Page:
CAPE TOWN - Worker unions have warned of a “looming war” after the City of Cape Town said on Monday that it will oppose a new salary and wage collective agreement for local governments.
The City said residents cannot afford to pay more, adding that it was unfair for government workers to receive wage increases when many people have had reductions to their income.
But unions have slammed the decision as an attempt to undermine workers’ rights and benefits.
The City’s deputy mayor, Ian Neilson, said the City took a clear stand throughout the bargaining process led by the South African Local Government Association (SALGA) - the employer body representing 257 municipalities in the country, that salary increases were not justified or affordable currently.
He said the City’s Mayoral Committee has, therefore, mandated the City to approach the South African Local Government Bargaining Council (SALGBC) for an exemption from the new salary and wage collective agreement for local government.
The City will submit its exemption notice in terms of clause 15.1 of the Wage collective agreement with the SALGBC.
Additionally, the implementation of the wage agreement clause that the City seeks exemption from- the awarding of a 3.5% increase effective from July 1 2021, and ancillary increases - will be suspended pending the outcome of the exemption application.
The process is expected to take at least 30 days.
“Our decision to oppose the wage agreement by asking to be excluded from having to implement the increases has not been taken lightly,” Neilson said.
“City staff and residents have been front of mind, but we strongly believe this is not the right time in South Africa to afford increases to government employees.
“It is not fair to our residents, many of whom are struggling due to Covid-19 and the national lockdown.
South African Municipal Workers' Union (Samwu) regional secretary Mike Khumalo said it was a “slap on the face” for workers.
“The system has been so skewed that we have accepted the abnormal to be the norm and this is why we are sitting with things like this.
“Then coming to argument of this nature, people start politicking with people’s lives, playing politics with the ANC and the DA, understanding that the majority in SALGA is ANC and for them it's like, we want the ANC to know that we can defy SALGA and we become the kicking trash between the parties playing politics, I don’t think we will accept that,” he said.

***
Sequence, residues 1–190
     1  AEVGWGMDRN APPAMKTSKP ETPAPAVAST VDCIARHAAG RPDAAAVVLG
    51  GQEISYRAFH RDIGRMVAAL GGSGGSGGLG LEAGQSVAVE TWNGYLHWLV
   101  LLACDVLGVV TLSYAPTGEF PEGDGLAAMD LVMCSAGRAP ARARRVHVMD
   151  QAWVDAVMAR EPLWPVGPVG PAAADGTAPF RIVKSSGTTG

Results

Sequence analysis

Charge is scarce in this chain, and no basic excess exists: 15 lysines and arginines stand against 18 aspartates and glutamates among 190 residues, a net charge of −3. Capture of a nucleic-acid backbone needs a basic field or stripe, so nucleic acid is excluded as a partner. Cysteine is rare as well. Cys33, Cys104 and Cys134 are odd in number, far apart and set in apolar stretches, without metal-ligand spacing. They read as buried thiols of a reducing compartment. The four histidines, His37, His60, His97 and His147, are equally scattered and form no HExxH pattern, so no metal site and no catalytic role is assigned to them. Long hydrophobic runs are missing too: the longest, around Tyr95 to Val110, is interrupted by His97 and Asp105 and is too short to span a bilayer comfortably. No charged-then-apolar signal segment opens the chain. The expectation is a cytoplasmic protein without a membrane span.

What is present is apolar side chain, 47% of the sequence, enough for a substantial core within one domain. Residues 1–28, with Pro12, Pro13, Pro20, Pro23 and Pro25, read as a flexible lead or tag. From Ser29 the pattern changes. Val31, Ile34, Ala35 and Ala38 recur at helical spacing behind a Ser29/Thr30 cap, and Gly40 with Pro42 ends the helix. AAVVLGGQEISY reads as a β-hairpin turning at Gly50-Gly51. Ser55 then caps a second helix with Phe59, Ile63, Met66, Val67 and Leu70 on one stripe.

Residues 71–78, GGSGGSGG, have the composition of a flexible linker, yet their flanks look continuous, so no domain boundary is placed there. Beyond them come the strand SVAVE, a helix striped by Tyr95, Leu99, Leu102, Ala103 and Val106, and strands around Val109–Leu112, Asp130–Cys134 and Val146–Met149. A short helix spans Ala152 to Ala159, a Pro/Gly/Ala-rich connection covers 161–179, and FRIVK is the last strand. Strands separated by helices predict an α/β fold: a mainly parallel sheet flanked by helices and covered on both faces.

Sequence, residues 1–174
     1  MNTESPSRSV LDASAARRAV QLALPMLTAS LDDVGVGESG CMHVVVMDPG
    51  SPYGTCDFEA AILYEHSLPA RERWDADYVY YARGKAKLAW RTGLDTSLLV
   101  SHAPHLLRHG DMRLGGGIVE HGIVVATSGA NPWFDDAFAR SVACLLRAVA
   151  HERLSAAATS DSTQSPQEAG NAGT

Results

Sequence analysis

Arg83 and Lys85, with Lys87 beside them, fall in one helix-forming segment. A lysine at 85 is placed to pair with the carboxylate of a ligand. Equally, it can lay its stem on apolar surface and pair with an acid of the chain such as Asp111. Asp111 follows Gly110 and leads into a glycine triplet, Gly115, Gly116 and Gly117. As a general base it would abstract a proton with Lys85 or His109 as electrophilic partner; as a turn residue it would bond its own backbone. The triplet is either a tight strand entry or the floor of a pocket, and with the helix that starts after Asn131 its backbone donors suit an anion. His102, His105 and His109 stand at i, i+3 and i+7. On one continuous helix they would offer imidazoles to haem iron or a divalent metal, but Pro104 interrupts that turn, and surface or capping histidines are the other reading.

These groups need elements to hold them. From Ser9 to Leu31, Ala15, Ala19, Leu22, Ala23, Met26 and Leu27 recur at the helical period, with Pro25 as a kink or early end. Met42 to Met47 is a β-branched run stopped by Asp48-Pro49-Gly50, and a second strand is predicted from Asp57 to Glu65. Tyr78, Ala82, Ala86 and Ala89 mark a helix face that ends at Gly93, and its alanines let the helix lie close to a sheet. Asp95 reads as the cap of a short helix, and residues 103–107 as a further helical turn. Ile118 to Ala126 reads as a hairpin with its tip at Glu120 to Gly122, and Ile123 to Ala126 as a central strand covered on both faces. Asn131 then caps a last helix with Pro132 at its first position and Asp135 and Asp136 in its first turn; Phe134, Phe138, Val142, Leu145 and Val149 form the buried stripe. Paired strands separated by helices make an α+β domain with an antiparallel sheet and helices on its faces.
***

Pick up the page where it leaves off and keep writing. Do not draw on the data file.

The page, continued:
Cosatu provincial secretary Malvern De Bruyn said they will engage with unions to work on a joint approach to take against the City.
“It is quite clear the City doesn't care about the poor and workers in the City.
“As Cosatu we will not sit with our arms folded, we cannot allow the City to step on the right of workers. Samwu and Cosatu will oppose any exempt application the city will serve on SALGA,” he said.
Stop CoCT founder Sandra Dickson said the City was holding the public's inability to pay the increases “as an excuse for a one sided decision taken by mayco”.
“CoCT is stumbling from one extremely unpopular decision to the next. This time it is an all or nothing approach to their employees.
“This comes after a serious backlash from the public over tariff increases.
“No negotiation in either situation, just one harsh one sided decision by mayco,” Dickson said.
The Independent Municipal and Allied Trade Union (Imatu) said it was “concerning” to learn that the City would want to apply for the exemption.
“The exemptions committee would have to consider the application. It is hoped that the City of Cape Town would present a compelling case for their application.”